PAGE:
Consider marrying creativity and activism. Each is a golden meaning opportunity in its own right. Together, they can amount to something truly special.
This Post is republished on Medium.
READ PART ONE HERE: Everything You Thought You Knew About Meaning Is Wrong: The Even Harder Problem
READ PART TWO: On Craving the Feeling of Meaning
READ PART THREE: Why ‘Is Life Meaningful?’ Is the Wrong Question
READ PART FOUR: Meaning Has Its Reasons
READ PART FIVE: The Cost of Meaning
READ PART SIX: Meaning Has Its Rhythms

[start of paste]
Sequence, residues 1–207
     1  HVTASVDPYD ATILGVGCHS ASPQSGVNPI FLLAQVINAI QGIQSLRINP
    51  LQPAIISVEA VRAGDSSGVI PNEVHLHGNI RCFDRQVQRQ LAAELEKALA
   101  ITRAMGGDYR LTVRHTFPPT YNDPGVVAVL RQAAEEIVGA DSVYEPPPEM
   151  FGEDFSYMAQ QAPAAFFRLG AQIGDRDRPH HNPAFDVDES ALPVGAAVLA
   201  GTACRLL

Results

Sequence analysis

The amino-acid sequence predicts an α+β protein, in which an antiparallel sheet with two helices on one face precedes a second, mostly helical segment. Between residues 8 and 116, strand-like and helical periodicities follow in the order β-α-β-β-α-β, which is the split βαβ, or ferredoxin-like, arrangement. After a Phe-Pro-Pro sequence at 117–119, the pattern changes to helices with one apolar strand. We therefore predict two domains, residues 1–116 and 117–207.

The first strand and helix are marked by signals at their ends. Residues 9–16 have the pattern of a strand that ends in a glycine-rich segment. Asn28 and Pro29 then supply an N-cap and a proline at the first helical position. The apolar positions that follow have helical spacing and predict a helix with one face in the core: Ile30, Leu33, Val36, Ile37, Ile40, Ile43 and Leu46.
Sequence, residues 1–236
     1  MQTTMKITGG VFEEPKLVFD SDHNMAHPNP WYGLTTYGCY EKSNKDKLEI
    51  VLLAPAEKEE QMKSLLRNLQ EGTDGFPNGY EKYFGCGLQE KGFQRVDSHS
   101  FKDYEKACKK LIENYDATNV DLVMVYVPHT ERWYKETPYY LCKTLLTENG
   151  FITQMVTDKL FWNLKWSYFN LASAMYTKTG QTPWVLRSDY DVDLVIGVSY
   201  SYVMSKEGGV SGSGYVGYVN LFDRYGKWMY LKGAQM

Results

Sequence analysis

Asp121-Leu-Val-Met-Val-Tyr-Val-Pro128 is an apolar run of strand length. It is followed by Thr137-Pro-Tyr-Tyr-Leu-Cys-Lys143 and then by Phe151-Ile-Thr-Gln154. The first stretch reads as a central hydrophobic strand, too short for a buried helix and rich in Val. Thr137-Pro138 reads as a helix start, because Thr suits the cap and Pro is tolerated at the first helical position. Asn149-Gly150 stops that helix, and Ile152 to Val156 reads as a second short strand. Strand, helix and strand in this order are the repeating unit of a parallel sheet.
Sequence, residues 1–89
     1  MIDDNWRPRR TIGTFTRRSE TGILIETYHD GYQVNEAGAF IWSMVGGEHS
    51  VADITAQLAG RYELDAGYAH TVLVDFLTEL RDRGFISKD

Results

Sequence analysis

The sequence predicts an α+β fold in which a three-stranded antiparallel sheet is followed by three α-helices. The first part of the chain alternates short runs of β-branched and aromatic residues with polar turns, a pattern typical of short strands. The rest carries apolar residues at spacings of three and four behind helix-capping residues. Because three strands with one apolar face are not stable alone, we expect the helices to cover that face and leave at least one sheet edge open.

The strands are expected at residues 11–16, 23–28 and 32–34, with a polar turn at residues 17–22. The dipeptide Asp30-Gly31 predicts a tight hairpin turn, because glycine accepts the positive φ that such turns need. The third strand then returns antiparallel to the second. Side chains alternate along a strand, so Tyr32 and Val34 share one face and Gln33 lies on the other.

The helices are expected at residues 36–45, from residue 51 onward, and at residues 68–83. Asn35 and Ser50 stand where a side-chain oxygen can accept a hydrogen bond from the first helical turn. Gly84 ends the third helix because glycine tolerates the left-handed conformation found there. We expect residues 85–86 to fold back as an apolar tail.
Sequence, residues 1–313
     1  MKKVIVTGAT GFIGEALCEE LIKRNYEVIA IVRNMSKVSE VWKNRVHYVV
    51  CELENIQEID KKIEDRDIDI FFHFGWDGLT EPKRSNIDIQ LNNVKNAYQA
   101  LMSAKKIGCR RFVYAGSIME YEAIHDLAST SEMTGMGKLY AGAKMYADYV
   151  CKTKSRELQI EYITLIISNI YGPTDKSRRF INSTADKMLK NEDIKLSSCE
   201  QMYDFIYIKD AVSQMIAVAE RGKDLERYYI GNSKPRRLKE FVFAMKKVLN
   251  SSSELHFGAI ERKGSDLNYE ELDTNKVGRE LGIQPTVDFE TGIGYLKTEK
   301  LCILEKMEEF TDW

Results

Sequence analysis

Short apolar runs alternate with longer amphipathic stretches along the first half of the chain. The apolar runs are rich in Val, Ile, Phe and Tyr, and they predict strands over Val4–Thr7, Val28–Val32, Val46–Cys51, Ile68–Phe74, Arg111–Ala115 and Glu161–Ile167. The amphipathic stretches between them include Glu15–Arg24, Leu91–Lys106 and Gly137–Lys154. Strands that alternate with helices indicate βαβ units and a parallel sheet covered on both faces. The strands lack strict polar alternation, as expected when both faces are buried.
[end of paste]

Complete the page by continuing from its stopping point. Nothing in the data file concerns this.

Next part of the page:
READ PART SEVEN: Robbed of Purpose
READ PART EIGHT: Meaning as Nature’s Motivational Tool
READ PART NINE: Your Golden Meaning Opportunities
READ PART TEN: One Golden Meaning Opportunity: Stewardship
READ PART ELEVEN: One Golden Meaning Opportunity: Experimentation
Read Part Twelve: One Golden Meaning Opportunity: Self-Actualization
Read Part Thirteen: One Golden Meaning Opportunity: Appreciation
Read Part Fourteen: Two Golden Meaning Opportunities: Achievement and Excellence
Read Part Fifteen: Three Golden Meaning Opportunities: Service, Good Works, and Ethical Action
Read Part Sixteen: Two Golden Meaning Opportunities: Pleasure and Contentment
Read Part Seventeen: Love, Relationships, Creativity and Career